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A Guide to Digital Multimeters

A Guide to Digital Multimeters

Electricians use various measuring instruments to check the working and performance of electronic devices. Digital multimeters are one of the popular devices, which are used for measuring multiple electrical values, including current (amps), voltage (volts), resistance (ohms), and so on. These devices are considered the best alternative to analog meters. These meters assure great flexibility, reliability, accuracy, and high impedance, which has contributed to their popularity. This post answers all questions regarding the digital multimeter, including its controls, connections, use, and many more.

What are the controls and connections of a multimeter?

The following are a few common controls and connections of a multimeter.

  • Display: This is the most prominent feature of a multimeter. You can see the screen to read the digits. The first digit is often 0 or 1, preceded by a positive or negative sign. There may be other indicators, such as DC or AC depending on the type of model.
  • On/off switch: Many DMM meters have an on/off switch. You can turn off the switch if you have finished testing.
  • Types of ports: DMM meters possess the following main ports:
    • Common: These ports are common and neutral. They usually take the black lead as the negative and the probe.
    • Ohms, Volts, and Frequency: These connections usually take a red probe, which is positive in nature.
    • Milliamps and Amps: These connections use a red probe for current measurements.
    • High Current: There are separate connections for high current measurements. High current connections must be used only when high current is involved.
  • Probes: There are two types of probes in the multimeter – a black and a red probe. These probes are also known as leads.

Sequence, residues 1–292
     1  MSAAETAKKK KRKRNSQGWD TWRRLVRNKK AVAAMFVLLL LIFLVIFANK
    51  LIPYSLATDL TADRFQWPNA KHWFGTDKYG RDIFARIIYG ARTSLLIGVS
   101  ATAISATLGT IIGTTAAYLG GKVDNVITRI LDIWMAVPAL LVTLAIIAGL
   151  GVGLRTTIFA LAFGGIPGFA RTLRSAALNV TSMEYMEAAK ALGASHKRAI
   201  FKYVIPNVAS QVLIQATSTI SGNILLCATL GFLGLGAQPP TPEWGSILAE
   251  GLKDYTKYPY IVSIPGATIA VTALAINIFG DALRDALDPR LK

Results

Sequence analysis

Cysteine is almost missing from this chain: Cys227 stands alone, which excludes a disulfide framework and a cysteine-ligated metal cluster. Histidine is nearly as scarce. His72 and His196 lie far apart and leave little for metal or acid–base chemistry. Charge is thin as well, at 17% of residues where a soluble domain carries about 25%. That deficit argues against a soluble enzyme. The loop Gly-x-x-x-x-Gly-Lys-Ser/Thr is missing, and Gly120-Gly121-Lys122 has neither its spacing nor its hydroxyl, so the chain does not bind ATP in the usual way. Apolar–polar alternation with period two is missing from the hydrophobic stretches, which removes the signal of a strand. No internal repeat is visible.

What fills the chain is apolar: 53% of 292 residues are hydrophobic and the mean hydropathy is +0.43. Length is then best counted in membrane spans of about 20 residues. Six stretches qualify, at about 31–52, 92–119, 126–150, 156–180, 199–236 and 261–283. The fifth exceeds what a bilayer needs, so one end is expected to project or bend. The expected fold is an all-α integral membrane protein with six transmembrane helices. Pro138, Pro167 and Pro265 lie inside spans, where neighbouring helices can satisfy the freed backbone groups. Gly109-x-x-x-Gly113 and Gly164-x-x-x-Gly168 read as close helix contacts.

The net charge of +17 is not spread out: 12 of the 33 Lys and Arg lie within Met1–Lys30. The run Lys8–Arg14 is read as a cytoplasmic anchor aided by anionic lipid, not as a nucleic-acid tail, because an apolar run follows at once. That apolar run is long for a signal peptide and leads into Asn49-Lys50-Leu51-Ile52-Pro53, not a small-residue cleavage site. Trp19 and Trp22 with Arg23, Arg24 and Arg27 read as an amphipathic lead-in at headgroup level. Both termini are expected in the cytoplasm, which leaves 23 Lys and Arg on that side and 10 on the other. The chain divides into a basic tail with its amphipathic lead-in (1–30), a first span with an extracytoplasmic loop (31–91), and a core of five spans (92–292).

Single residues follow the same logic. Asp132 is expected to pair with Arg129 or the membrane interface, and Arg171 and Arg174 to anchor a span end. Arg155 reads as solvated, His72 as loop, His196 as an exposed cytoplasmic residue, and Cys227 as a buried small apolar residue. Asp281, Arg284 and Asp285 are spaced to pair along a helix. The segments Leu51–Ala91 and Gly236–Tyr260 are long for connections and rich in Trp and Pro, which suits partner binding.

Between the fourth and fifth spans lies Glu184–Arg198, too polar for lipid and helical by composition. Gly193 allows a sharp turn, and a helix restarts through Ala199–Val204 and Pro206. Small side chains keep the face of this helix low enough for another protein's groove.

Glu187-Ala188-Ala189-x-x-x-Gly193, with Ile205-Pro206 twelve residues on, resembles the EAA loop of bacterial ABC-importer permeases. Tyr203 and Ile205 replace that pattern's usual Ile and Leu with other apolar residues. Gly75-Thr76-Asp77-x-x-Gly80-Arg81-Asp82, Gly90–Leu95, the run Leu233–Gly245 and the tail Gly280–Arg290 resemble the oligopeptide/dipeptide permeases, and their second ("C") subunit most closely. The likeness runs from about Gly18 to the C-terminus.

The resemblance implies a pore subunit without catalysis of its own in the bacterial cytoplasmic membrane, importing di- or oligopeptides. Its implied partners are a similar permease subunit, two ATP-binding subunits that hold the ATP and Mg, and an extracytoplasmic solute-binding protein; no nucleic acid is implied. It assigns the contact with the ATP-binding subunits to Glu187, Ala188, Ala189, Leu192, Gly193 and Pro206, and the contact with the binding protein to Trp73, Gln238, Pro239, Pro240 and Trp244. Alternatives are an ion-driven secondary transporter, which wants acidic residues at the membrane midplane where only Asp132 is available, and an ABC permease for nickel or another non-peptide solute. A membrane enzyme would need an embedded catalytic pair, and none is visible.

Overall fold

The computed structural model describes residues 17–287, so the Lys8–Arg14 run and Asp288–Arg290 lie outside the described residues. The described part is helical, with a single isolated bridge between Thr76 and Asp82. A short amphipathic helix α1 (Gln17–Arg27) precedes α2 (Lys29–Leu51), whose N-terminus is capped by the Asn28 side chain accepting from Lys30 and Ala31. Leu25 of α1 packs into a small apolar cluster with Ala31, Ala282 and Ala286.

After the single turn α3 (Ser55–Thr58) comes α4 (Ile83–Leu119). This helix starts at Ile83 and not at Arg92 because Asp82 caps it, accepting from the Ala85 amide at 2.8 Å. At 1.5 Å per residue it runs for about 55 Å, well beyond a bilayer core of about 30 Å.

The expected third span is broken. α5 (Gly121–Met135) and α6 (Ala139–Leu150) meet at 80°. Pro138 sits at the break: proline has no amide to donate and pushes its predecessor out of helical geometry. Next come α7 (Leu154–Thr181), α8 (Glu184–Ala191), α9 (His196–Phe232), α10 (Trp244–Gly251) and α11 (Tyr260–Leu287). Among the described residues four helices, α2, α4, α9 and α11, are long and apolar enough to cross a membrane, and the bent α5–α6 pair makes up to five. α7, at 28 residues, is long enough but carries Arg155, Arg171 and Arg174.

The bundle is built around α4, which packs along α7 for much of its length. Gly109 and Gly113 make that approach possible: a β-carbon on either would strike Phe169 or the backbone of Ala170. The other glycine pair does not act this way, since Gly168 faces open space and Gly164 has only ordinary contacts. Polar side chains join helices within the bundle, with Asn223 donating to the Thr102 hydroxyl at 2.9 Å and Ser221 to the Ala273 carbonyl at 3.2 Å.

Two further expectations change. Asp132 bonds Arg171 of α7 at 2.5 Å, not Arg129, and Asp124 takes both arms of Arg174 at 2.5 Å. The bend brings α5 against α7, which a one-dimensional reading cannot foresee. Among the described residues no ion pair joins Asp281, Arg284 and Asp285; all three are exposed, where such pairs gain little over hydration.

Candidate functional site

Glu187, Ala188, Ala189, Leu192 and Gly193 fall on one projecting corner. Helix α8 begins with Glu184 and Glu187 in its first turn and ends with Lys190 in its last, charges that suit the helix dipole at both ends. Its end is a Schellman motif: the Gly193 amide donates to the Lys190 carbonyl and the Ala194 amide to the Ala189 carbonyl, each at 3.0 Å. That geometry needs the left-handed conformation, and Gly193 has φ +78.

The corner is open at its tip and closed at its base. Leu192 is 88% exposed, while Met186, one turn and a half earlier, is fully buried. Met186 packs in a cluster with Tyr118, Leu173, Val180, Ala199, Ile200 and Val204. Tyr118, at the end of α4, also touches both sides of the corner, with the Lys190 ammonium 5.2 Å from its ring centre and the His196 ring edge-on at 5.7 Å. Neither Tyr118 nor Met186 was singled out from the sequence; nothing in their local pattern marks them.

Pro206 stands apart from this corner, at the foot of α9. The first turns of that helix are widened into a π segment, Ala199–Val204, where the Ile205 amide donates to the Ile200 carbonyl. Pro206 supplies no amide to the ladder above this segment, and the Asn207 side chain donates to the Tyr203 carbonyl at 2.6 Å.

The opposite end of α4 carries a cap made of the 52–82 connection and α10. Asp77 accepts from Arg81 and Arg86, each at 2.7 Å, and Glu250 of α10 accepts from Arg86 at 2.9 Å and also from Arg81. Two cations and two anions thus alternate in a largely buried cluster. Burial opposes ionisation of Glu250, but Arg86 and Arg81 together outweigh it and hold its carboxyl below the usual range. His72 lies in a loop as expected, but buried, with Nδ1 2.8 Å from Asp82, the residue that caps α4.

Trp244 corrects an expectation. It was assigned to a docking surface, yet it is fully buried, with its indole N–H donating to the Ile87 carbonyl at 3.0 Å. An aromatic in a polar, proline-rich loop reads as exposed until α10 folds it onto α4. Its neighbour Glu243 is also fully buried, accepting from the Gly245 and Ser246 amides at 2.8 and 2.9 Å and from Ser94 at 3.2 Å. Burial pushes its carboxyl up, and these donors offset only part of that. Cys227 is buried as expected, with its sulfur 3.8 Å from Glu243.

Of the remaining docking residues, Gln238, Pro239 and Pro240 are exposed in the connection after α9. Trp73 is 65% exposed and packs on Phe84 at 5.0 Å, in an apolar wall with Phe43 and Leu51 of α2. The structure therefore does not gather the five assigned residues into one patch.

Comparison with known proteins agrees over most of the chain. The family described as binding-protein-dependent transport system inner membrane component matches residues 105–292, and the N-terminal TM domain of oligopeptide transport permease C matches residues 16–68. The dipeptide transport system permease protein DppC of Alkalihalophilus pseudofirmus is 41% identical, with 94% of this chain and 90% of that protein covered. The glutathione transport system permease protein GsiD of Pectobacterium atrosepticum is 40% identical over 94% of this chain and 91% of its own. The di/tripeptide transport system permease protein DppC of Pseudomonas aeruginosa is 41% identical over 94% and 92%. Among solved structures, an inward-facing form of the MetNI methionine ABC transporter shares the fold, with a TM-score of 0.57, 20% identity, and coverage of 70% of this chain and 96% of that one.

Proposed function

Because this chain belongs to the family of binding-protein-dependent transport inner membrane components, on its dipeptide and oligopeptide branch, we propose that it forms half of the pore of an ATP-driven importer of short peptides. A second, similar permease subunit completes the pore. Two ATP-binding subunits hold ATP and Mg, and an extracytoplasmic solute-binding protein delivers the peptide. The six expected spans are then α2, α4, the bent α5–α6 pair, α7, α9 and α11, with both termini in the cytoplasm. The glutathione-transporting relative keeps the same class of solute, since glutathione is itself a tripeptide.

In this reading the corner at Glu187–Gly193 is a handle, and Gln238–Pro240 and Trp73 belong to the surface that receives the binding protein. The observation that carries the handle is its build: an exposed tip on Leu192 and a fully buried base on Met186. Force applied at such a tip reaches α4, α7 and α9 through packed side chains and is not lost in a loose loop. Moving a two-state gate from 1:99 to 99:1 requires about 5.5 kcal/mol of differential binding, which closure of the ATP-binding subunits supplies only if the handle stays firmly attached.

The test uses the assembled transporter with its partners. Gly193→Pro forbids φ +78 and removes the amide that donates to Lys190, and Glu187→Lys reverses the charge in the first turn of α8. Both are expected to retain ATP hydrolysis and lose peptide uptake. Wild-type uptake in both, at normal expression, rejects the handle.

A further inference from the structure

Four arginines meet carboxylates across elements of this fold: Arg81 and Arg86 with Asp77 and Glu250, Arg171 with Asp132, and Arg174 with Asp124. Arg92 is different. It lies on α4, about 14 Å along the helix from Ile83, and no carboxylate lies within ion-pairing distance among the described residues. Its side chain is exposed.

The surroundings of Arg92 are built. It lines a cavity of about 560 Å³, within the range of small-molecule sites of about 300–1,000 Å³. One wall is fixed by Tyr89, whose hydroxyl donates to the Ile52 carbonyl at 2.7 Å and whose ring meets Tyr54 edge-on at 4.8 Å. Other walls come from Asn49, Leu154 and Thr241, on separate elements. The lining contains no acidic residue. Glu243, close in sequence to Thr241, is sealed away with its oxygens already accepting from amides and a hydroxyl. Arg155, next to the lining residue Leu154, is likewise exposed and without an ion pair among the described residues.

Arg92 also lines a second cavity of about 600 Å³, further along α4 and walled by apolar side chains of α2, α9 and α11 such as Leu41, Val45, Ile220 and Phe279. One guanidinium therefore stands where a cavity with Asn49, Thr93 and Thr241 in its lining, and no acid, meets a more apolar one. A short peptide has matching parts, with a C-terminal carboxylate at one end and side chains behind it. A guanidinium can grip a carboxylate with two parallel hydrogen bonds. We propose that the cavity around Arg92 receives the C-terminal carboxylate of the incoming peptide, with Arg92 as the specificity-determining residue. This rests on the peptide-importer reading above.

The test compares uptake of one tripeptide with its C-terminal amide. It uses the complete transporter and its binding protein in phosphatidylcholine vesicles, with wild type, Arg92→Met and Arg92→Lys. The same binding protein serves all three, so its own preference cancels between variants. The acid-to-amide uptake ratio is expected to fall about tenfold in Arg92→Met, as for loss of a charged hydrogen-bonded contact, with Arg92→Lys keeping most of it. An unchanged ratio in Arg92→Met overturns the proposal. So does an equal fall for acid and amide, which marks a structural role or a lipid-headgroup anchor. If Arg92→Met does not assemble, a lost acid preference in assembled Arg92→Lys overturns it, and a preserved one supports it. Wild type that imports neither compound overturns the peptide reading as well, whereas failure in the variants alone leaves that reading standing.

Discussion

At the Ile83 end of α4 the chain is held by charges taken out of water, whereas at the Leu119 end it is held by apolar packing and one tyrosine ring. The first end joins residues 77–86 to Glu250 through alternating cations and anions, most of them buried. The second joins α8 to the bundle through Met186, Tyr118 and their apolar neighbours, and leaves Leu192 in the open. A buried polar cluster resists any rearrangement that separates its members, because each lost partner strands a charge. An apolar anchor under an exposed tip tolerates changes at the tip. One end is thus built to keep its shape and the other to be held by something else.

• The black probe is usually plugged into the common port. This probe is neutral and doesn’t carry any electricity.
    • The red probe is usually plugged into the port of the testing equipment. This is a hot wire and is used to measure resistance, voltage, or frequency.
  • Ports or jacks: These ports or jacks resemble auxiliary jacks or headphone jacks. You will find three ports on the device, and in many devices, you will find four ports.

How to Use a Digital Multimeter?

The following steps will help you measure resistance, voltage, and ohms effectively.

  • Inspect the device under test (DUT) and digital multimeter for physical damage signs.
  • Take red and black probes and insert them into the DMM inputs.
  • Set your measurement device into voltage, resistance, or current mode for appropriate measurements.
  • Ensure your DMM is working for a voltage source.
  • Insert the tip of clamps or probes to DUT’s negative and positive terminals before starting measurements.
  • Check the DMM for safety warnings while working with it.

How to measure AC and DC voltages using digital multimeters?

DMM meters are used to measure AC and DC voltages at workplaces and homes. Follow these steps to measure AC and DC voltages using these devices.

AC Voltage

  • Turn off the power supply to the circuits and plug it.
  • Set the multimeter to AC voltage mode. Adjust the range from the bottom to the top.
  • Set the multimeter at high voltage than the number on the cord. The two-prong appliances are rated for 120 volts and the three-prong appliances are rated for high voltage.
  • Connect the red probe to the jack labeled as ohms/omega or voltage.
  • Connect the black probe into the neutral jack slot.
  • Place the red probe into the plug’s hot slot.
  • See the reading and remove the red and black probes after completing the measurement.

DC Voltage

  • Disconnect the batteries from any power source.
  • Set your multimeter to DC voltage mode. Choose the expected measurement.
  • Insert the red probe into the jack labeled as DC voltage or black probe in the common jack.
  • Touch the red probe on the positive side and black probe on the negative side of the battery.
  • Write the reading.
  • Disconnect the black probe and red probe.
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